Video games already released in China or looking to gain approval in China have to deal with two other restrictions in addition to all the other censorship regulations they have to abide by: they can’t have any blood whatsoever nor can they use the Chinese word for “kill” in the game.
Fong brings word from the mainland that in addition to having to avoid games that disrupt China’s “socialist values”, they also have to avoid dismemberment, overt sexual content, bones, guts, human corpses, skeletons, and now blood of any kind. This isn’t just the red gooey kind, we’re talking about any kind of liquid being extracted from entity within the game.
“In the past, games that wanted to publish in China could get away with things like “colored” blood—as in any color but red. Now, the new rules are very clear and straightforward: no blood means no blood. That includes anything that can be imagined as blood. […]
“[…] when it came to in-game blood, developers devised all kinds of clever ways to get around the restrictions. This included changing the color of blood from red to blue, black, or white, and many games pulled off getting licensed in China with these techniques.
“Now that new regulations have been passed, blood—and anything players might perceive as blood—is definitively forbidden. No more workarounds. And as far as we know, the law takes effect immediately.”
This means that the green or white blood filters in games like Mortal Kombat wouldn’t suffice since it’s still liquid goo spilling out of the digital thespians.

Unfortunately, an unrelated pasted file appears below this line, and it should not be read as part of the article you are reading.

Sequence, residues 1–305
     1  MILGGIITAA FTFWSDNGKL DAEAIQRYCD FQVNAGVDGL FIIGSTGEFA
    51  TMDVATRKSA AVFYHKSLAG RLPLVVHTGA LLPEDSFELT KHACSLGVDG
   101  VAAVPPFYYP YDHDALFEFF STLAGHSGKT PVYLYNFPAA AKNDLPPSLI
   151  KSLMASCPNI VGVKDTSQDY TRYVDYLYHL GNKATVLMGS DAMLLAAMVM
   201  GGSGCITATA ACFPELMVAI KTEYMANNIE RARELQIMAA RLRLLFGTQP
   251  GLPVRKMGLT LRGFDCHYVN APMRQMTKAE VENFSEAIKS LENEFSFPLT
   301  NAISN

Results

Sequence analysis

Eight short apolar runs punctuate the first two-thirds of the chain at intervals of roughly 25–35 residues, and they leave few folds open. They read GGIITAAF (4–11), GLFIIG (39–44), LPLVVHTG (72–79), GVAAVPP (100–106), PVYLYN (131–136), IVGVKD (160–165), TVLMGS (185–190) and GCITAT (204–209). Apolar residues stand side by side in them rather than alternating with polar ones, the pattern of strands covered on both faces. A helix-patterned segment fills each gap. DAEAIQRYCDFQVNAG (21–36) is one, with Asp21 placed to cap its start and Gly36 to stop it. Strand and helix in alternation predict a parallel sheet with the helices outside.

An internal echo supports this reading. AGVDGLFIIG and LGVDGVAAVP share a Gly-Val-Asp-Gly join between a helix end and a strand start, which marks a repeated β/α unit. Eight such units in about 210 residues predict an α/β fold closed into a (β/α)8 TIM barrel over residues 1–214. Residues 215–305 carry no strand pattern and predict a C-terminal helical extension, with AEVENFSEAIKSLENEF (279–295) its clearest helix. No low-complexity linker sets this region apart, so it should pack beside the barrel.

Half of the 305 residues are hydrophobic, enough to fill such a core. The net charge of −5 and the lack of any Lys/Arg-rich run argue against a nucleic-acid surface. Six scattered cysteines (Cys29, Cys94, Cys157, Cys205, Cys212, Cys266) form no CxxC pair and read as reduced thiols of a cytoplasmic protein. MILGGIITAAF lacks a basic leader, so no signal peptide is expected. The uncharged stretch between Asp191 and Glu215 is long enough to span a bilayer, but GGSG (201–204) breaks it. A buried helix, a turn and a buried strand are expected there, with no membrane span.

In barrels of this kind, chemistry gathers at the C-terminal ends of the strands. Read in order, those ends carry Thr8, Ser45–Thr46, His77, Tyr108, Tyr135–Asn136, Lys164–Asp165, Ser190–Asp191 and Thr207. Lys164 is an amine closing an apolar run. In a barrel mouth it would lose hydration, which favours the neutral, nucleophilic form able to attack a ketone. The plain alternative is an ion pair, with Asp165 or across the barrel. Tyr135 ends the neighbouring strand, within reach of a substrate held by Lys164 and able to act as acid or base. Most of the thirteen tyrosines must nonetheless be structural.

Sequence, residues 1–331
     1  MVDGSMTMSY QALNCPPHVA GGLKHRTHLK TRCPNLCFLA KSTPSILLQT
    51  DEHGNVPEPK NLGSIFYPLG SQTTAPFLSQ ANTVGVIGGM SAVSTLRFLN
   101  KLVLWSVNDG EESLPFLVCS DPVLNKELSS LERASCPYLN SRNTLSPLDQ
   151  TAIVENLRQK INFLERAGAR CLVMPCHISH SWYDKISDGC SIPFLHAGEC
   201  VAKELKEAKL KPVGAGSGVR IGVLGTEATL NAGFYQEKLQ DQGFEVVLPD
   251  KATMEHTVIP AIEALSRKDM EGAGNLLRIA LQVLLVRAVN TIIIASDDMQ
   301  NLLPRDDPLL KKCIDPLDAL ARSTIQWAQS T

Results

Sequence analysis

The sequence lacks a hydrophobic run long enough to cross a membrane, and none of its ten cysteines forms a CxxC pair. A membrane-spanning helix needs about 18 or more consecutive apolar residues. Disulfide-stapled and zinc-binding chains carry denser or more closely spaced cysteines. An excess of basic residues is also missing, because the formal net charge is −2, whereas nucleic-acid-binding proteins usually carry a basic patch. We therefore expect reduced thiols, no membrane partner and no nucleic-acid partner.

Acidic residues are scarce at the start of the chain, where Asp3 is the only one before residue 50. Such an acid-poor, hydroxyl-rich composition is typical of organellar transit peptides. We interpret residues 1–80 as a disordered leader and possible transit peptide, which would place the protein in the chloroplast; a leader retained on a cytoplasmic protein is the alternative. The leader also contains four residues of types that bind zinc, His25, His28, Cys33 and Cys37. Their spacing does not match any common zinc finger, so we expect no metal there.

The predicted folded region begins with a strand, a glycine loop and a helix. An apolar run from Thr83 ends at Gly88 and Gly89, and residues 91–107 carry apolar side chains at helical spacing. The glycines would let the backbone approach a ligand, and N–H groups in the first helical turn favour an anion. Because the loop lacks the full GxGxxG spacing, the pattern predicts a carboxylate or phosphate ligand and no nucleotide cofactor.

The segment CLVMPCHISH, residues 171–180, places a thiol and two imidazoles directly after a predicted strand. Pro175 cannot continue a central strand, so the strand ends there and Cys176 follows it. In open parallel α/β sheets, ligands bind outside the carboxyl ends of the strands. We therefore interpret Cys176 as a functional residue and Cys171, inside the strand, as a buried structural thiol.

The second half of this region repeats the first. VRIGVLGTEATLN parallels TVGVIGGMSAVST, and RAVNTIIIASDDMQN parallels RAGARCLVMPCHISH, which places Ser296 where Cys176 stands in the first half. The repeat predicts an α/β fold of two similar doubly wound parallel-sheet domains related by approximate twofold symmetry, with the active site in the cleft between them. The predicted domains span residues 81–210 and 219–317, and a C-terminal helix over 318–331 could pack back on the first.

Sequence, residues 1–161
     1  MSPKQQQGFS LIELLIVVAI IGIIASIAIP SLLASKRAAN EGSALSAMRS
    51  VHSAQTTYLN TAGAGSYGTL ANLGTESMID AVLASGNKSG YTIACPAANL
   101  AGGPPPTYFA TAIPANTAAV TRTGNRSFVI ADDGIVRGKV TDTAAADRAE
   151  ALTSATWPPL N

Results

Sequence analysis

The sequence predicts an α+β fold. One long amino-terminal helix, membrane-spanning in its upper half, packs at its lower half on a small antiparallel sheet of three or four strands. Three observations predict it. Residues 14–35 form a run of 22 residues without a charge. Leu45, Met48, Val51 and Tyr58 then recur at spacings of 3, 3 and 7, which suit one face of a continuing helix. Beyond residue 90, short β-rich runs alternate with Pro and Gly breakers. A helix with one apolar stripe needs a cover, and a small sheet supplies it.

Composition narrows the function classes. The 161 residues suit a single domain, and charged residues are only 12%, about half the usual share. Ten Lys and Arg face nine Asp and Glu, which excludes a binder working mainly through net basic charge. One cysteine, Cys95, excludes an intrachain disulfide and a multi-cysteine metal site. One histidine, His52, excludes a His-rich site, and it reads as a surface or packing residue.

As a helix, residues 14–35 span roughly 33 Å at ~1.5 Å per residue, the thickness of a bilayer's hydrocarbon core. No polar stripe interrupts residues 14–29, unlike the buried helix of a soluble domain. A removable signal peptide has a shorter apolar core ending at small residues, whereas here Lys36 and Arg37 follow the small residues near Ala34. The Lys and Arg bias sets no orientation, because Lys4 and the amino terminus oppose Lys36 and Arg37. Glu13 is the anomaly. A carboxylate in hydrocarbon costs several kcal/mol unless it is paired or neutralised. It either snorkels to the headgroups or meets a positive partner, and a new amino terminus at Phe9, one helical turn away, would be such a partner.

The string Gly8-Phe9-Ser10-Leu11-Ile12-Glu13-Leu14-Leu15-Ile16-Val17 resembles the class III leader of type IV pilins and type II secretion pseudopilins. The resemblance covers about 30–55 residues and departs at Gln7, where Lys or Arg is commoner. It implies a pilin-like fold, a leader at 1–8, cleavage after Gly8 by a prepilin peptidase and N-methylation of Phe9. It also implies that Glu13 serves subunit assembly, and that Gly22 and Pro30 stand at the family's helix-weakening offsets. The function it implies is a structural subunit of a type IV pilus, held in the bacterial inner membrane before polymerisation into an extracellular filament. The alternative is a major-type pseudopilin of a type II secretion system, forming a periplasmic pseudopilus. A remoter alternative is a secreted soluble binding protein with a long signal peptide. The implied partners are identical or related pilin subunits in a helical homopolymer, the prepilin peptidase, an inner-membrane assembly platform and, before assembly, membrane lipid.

This is why Tencent had PUBG Mobile overhauled and removed any kind of traces or hints at actual blood or blood effects when the game became Game For Peace. Tencent had giant green orbs added to the game when player characters get hit. They also made the characters wave goodbye after getting tagged instead of falling down and dying.
It’s similar to what Yodo1 Games had to do to Hand of Fate’s mainland release in China, which saw them remove hearts, skeletons, and any references to the undead. They uploaded a video back in 2017 showcasing how they censored the game for its release in China.
But avoiding the visual depiction of death is just one aspect of it.
You can no longer depict the word “kill” in China or variants of the word. More specifically, there’s a prohibition on the Chinese equivalent of “kill”, which is “杀”or “shā”. This would mean compounds of “shā” would also be banned, such as “shāsǐ”, which means “to kill” or “zìshā”, which relates to suicide, or “nüèshā”, which refers to assaulting someone to kill them.
Fong simply explained…
“With its new set of regulations, China has also banned the use of the word kill anywhere in a game.”
What’s interesting about this is that Mortal Kombat 11 also has similar filters in place to prevent people from using certain words related to death and murder in the game for custom name variants, even though the game is all about death, murder, and violence.
Given that Epic Games recently made the Epic Games Store available in the mainland of China, expect more developers to start self-censoring if they want their games accessible in the mainland and to comply with the Bureau of Propaganda and Ministry of Culture’s censorship regulations.
In some ways, Epic Games Store’s access to the mainland could explain why so many developers are willingly to bite the exclusivity bullet. Perhaps some of them see an opportunity of embracing the visibility they’re offered to the massive Chinese audience. Of course, it comes with the caveat that their games must comply with the regional standards. I wouldn’t be surprised if some studios started ramping up censorship of certain titles to accommodate China’s policies.
(Thanks for the news tip Ebicentre)